David L.V. Bauer and Itamar M. Belisha, students at The City College of New York (CCNY), have been selected as 2007 Goldwater Scholars by the Barry M. Goldwater Scholarship and Excellence in Education Foundation. The Goldwater Scholarship, which is federally funded, is America’s premiere award for undergraduates majoring in math, science and engineering.
Mr. Bauer, a sophomore majoring in chemistry in the Macaulay Honors College, and Mr. Belisha, a junior majoring in the electrical engineering, were among 317 undergraduates chosen nationwide. They were selected from a field of 1,110 mathematics, science, and engineering students nominated by their schools. Scholars receive stipends of up to $7,500 per year toward tuition, fees, books, and room and board.
“As the home of The City University of New York’s flagship science and engineering programs, everyone at The City College joins me in saluting David and Itamar’s achievements,” said CCNY President Gregory H. Williams. “Their scholarship and research epitomize what our students can achieve.”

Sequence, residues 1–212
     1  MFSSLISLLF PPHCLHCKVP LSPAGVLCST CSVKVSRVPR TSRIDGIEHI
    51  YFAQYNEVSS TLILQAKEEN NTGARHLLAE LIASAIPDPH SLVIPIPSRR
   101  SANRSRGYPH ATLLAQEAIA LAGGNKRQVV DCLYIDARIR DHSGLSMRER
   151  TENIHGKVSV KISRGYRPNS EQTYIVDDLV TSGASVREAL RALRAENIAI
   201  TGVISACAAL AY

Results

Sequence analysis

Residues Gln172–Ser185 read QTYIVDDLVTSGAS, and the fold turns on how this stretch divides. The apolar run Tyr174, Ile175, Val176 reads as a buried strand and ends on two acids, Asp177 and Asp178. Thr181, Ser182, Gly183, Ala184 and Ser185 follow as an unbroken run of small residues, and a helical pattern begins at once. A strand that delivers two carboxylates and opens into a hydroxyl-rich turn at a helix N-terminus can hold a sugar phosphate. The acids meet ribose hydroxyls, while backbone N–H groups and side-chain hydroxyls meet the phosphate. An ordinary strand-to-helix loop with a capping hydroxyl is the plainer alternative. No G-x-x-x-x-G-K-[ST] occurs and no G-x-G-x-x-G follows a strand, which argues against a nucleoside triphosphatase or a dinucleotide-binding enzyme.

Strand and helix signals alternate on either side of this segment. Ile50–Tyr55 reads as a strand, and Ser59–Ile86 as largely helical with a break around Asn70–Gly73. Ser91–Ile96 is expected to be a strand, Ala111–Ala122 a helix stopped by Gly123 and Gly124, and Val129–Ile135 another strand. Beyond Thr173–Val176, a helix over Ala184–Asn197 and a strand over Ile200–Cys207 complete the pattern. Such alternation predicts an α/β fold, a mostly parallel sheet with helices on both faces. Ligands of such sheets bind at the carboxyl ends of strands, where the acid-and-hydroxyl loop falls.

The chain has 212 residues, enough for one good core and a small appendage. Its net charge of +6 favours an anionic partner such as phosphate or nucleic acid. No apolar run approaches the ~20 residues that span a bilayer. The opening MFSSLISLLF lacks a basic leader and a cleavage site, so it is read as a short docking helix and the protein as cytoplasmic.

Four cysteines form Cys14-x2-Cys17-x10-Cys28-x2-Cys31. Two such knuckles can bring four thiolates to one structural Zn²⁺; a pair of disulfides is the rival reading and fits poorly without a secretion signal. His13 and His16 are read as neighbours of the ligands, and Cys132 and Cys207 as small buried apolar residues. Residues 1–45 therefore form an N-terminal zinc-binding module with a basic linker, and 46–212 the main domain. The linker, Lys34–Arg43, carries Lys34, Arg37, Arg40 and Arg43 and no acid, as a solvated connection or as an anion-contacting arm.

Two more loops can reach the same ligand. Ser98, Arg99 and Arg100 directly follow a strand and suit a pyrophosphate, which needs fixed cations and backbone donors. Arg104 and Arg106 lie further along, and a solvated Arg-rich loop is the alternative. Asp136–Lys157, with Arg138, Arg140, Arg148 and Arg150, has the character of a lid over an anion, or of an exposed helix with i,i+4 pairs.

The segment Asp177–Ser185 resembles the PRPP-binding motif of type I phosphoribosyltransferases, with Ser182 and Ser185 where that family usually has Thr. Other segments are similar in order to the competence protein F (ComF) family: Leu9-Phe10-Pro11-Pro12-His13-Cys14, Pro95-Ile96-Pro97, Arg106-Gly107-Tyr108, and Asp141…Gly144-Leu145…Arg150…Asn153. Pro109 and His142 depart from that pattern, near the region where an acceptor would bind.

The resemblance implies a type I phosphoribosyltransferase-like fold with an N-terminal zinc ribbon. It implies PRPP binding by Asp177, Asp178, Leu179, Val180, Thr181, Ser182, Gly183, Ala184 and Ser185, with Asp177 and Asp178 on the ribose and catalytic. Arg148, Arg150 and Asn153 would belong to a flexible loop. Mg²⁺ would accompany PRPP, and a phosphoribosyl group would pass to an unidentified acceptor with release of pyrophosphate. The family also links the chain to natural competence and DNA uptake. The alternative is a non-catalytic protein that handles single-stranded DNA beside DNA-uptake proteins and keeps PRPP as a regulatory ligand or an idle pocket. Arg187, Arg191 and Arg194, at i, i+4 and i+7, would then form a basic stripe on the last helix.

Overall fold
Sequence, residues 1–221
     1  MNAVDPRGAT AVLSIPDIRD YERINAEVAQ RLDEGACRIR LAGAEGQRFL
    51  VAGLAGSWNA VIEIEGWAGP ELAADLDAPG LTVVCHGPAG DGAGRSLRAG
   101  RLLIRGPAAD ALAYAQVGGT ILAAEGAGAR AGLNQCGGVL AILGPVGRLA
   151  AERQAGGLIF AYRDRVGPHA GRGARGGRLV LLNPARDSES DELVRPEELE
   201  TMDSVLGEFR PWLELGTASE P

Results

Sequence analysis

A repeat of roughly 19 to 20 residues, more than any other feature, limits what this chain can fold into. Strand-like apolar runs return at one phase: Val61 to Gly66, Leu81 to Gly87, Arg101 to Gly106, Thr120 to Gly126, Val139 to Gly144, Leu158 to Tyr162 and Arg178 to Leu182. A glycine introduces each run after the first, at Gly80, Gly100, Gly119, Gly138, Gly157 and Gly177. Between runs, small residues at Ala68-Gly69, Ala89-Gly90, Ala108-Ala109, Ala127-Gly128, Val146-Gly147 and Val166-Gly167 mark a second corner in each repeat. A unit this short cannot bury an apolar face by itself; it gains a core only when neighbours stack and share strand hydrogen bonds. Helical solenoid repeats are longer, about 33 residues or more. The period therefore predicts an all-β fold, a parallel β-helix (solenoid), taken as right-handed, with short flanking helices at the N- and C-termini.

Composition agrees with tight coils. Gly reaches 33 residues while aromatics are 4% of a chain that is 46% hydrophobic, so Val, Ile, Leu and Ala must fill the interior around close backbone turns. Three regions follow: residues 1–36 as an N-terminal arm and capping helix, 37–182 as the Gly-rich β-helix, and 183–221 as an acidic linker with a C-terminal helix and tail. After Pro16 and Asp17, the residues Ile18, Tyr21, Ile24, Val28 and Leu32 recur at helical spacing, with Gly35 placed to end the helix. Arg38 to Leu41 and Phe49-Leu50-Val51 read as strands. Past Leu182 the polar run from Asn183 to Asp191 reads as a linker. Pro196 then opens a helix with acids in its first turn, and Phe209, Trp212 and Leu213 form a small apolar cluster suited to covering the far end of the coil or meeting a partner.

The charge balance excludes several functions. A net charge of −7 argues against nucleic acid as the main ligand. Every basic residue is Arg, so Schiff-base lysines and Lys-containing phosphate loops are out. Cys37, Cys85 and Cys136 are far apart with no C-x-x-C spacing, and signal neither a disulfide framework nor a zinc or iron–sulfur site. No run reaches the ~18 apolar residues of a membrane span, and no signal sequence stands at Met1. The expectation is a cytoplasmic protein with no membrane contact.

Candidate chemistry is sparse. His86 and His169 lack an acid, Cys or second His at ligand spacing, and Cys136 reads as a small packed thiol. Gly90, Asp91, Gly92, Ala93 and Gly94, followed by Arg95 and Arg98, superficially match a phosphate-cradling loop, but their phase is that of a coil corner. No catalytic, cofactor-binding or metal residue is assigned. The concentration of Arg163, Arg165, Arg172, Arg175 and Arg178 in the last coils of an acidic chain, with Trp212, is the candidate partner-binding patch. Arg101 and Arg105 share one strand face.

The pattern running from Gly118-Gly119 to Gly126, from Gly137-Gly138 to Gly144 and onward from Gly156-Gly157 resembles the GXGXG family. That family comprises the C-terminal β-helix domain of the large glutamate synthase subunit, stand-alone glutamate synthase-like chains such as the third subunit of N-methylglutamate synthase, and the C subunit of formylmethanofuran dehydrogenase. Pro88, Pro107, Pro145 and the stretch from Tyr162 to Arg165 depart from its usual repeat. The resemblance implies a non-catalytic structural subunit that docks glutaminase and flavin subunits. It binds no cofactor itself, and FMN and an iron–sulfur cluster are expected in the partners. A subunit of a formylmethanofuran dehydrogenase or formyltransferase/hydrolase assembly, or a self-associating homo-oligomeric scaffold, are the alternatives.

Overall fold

Mr. Bauer, who is from the Bronx, has been investigating synthesis and assaying of novel aspirin derivatives for the development of new anti-inflammatory and anti-cancer medications. His mentor is Kevin Ryan, Assistant Professor of Chemistry. “Science has led me to a global consciousness, a realization that my reach could extend beyond my own small existence,” he said. “Keeping the global context of science in mind has been a powerful motivator in my work.”
In 2005, Mr. Bauer finished in first place in the Intel Talent Science Search. A student at Hunter College High School at the time, he did research at CCNY that led to the design of a universal sensor for neurotoxins in that could be used to detect a biological or chemical weapons attack. After graduation, he intends to pursue a Ph.D.
Mr. Belisha, a native of Israel who resides in Brooklyn with his wife, has been investigating the correlation between high potassium and brain seizures during deep brain stimulation. His mentor is Marom Biksom, Assistant Professor of Biomedical Engineering. He has done research at the Cleveland Clinic’s Lerner Research Institute, as well.
“My motivation for combining engineering and medicine is the great potential I find in biomedical engineering to impact the quality of treatment for various neurological disorders by innovative techniques," he said. After graduation, Mr. Belisha plans to pursue a joint M.D./Ph.D. in biomedical engineering with the goal of conducting research on neurological disorders.